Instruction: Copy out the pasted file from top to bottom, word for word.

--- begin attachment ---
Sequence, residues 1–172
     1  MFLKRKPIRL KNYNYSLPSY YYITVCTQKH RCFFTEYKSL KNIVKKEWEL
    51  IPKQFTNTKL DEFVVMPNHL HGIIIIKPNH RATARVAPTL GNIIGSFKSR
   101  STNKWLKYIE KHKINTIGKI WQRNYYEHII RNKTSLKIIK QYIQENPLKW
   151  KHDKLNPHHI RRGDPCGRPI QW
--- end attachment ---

Sequence, residues 1–172
     1  MFLKRKPIRL KNYNYSLPSY YYITVCTQKH RCFFTEYKSL KNIVKKEWEL
    51  IPKQFTNTKL DEFVVMPNHL HGIIIIKPNH RATARVAPTL GNIIGSFKSR
   101  STNKWLKYIE KHKINTIGKI WQRNYYEHII RNKTSLKIIK QYIQENPLKW
   151  KHDKLNPHHI RRGDPCGRPI QW